Sid, Pearl and Fred Cantor, at home in Westport.

He says he always thought of “the open area and architecture in the area of Toquet Hall and the old Westport Bank & Trust (now Patagonia) as quintessential small-town America, and an old-fashioned town square.”

That too is far different from what he had — and loved — in Queens.

Plus, Fred says, “when we moved here there was a corner drug store, Thompson’s, where Tiffany’s is now located.  It had a lunch counter that served milkshakes.” He felt like he’d walked onto the set of “Leave it to Beaver.”

Living in Westport gave Fred an appreciation of how he could walk to nearly  everything in Fresh Meadows — a direct result of the community’s site plan.  In Westport, he depended on his mother for rides.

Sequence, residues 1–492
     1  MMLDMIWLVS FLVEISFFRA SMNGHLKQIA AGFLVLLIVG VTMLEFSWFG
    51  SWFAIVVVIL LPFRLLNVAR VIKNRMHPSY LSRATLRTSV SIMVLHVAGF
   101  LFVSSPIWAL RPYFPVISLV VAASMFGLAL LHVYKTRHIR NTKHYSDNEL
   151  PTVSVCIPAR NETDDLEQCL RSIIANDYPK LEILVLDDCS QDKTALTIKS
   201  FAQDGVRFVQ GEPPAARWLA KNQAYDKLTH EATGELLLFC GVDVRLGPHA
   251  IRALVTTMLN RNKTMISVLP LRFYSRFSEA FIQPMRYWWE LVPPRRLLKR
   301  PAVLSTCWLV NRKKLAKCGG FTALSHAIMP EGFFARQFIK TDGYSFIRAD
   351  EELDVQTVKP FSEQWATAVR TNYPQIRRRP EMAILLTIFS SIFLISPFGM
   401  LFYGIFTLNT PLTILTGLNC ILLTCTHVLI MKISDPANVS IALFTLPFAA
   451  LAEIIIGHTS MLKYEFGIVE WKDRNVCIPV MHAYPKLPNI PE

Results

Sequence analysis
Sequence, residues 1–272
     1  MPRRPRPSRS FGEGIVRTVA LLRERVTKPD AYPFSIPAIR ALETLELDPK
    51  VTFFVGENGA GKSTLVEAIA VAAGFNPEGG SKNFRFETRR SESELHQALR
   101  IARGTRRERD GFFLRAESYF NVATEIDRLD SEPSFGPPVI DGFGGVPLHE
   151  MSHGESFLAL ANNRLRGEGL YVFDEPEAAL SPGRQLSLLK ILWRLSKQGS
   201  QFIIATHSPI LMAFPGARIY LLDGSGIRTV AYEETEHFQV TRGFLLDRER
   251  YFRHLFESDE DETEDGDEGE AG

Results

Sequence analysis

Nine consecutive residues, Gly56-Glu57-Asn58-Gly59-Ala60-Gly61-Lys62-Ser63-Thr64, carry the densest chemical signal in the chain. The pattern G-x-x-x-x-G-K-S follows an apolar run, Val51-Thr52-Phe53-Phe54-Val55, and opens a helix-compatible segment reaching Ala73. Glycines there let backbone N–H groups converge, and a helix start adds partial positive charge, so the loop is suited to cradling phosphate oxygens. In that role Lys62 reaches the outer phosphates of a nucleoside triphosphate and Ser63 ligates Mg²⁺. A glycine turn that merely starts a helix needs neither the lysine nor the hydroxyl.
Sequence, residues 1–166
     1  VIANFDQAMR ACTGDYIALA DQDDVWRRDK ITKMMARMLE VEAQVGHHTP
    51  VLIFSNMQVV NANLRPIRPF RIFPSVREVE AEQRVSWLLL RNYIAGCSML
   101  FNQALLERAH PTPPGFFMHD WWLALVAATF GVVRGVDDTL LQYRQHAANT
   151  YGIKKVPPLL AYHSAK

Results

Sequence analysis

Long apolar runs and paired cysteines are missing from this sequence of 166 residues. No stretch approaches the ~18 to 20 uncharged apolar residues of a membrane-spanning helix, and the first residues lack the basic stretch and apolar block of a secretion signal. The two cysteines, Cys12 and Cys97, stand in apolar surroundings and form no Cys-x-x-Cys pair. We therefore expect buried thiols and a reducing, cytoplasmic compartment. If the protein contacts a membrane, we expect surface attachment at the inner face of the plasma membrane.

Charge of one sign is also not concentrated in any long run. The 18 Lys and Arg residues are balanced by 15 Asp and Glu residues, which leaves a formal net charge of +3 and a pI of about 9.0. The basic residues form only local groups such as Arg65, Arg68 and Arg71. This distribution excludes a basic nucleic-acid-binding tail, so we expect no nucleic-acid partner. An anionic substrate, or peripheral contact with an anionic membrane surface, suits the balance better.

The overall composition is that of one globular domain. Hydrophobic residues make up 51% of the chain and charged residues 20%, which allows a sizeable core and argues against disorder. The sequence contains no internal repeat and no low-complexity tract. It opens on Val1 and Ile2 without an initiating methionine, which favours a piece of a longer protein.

In Fresh Meadows Fred lived in a small 2-bedroom, 1-bath apartment — and was quite happy.  That experience, he says, “taught me that you really don’t need a big home or a lot of possessions to truly enjoy life.”  To this day, he says, “I have never lived in a big house.”

Of course, Fred wonders what might have happened if his parents had not made the move.

“Chances are I wouldn’t have discovered soccer or The Remains” — 2 of his passions.

And, he says, “I probably would not have been accepted at Yale, since the local high school in Fresh Meadows had nowhere near the reputation that Staples did.”

The fact that Fred (an attorney) conceived and worked on a variety of diverse creative projects as an adult — producing a play and a movie, writing a book, co-writing a song paying tribute to former Red Sox pitcher Bill Monbouquette — “is probably in some way a reflection of having grown up in Westport, where there has always been such an emphasis on the arts,” Fred says.

“Obviously, the move to Westport as a kid enriched my life in so many ways.”

Fred concludes:  “This is probably way more info than you needed.  But all of this has gotten me to do a lot of reflecting on this lately.”

Actually, Fred’s insights are perfect.  All of us are a reflection of when and how we grew up — and where.